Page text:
You Never Forget

Apparently it’s true: you really do never forget how to ride a bike.

I took my new steed out for a trot around the block this evening. Actually, first I encouraged Angus to take his bike around the block. And he made it. Even with the stabilizers on, I ran behind him holding on, because the difference in pitch between normal sidewalk and the driveways is quite treacherous, and certainly too much for a beginner with questionable coordination. Gregor took off, running,  ahead of us and was home before we had rounded the final curve. But I give Angus much credit because he pedalled the whole way, even up the big hill, with no moaning or complaining and only fell off a little bit at the end.

After one circuit he declared himself done, but he was willing to run around once more, with his helmet on, he said. So I jumped on my bike and took them on a clockwise circuit which involves no road crossing.

I first rode a bike in the 1970s, rode around the houses as a child and was occasionally allowed to cycle to the next town as a teenager (but only if I called when I arrived, which I didn’t always remember to do; and that time I stopped off at someone’s house unannounced and didn’t call home because her big brother was having girl trouble and was on the phone, and then I forgot until about a hour later by which time my mother had nearly passed out from panic? Well, sorry about that.)

When I turned 21 I convinced the aforementioned traumatized parent to buy me my very first new bike. I was living away from home at this point so the prospects of them being traumatized all over again were relatively slim. I spent one glorious year pedalling around Edinburgh (wearing a helmet for the first time. Yes I am that old. Helmets for push bikes were not invented when I were a lass) on my new 21-speed, with the cutting edge twist-grip gear change. Oooo!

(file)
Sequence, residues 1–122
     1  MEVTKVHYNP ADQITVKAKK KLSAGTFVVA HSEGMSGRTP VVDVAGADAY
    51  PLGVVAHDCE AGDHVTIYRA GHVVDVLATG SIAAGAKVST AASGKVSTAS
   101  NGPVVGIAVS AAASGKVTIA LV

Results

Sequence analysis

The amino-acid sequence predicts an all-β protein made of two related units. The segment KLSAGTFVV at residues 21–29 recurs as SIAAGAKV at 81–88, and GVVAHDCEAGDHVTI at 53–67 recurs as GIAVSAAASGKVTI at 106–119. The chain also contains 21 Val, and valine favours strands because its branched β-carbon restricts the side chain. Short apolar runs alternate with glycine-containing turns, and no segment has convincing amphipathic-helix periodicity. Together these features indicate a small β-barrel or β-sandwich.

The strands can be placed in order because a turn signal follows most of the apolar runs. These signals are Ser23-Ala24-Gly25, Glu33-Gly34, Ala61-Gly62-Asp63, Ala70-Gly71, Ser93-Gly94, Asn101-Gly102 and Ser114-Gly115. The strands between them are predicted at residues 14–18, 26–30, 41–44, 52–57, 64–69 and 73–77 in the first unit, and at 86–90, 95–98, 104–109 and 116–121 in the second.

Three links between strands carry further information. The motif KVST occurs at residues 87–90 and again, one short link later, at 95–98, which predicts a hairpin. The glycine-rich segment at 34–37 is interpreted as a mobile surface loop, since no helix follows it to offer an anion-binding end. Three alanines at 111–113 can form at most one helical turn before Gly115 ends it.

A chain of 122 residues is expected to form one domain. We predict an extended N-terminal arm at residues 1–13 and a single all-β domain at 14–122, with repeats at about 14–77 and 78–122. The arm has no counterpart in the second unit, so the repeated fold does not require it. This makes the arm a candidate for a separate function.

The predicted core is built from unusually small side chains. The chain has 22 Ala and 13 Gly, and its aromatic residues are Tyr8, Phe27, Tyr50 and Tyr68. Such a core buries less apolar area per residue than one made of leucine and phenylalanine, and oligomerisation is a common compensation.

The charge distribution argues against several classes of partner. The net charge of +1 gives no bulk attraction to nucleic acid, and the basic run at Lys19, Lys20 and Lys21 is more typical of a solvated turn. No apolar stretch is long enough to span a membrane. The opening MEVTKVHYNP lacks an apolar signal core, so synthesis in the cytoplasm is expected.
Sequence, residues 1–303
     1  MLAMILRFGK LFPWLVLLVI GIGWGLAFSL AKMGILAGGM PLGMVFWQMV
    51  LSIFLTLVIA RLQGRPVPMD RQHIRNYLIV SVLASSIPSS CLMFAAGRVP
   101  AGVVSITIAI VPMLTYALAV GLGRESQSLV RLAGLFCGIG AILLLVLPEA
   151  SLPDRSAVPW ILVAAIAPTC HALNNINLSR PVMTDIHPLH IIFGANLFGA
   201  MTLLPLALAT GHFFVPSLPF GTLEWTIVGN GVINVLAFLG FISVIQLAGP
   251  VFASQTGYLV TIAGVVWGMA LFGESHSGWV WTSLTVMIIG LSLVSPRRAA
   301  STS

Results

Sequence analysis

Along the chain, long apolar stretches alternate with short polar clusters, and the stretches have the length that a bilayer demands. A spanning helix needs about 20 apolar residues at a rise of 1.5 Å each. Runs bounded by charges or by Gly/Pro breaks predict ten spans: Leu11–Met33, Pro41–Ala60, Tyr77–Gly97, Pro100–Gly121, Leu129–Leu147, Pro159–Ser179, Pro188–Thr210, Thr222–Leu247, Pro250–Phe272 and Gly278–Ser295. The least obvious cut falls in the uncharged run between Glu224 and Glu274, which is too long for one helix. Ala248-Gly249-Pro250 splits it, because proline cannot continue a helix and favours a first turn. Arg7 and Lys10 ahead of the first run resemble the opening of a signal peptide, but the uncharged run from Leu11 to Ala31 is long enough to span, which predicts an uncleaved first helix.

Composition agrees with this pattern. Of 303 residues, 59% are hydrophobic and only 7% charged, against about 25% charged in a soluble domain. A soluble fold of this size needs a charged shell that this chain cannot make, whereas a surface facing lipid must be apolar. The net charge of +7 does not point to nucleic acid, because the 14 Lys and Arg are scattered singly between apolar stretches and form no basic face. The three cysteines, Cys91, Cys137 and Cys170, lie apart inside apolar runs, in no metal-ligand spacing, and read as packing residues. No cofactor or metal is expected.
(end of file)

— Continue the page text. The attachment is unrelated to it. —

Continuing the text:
After years of stomping around the city or pedalling rustily on my sister’s old three-speed, I was positively gleeful to be flying along tree-lined Morningside avenues in any one of 21 gears. I bounced across Brunstfield Links on my wider-than-average hybrid tyres. I screeched to a halt and ‘chained’ by bike to the railings outside the library with a new-fangled D-Lock, stashed the key in my pocket, popped a plastic grocery bag over the seat (for protection against the inevitable showers of rain or passing student who’d spent a bit too long at the Pear Tree at lunchtime), clipped my helmet to my backpack and stomped off in my fake Doc Maarten’s.

A year later I flew off to visit my boyfriend in the US and, apart from a short flirtation before my wedding, abandoned my pride and joy flying machine along with my family and friends, and moved abroad. That was 14 years ago.

For some reason (oh yeah, we were broke) I never bought a bike in Boston. I could really, really have used one for getting to the subway station and for the trips home, when the connection would take longer to come than the walk would have taken. I suppose I could have picked one up at a yard sale or something but I never did. (It didn’t help that this was largely pre-Web too — yes, OK, I’m old! — and information about yard sales was gathered by walking past flyer-clad telephone poles, so your options were limited if you lived in a poorish neighbourhood, which we did.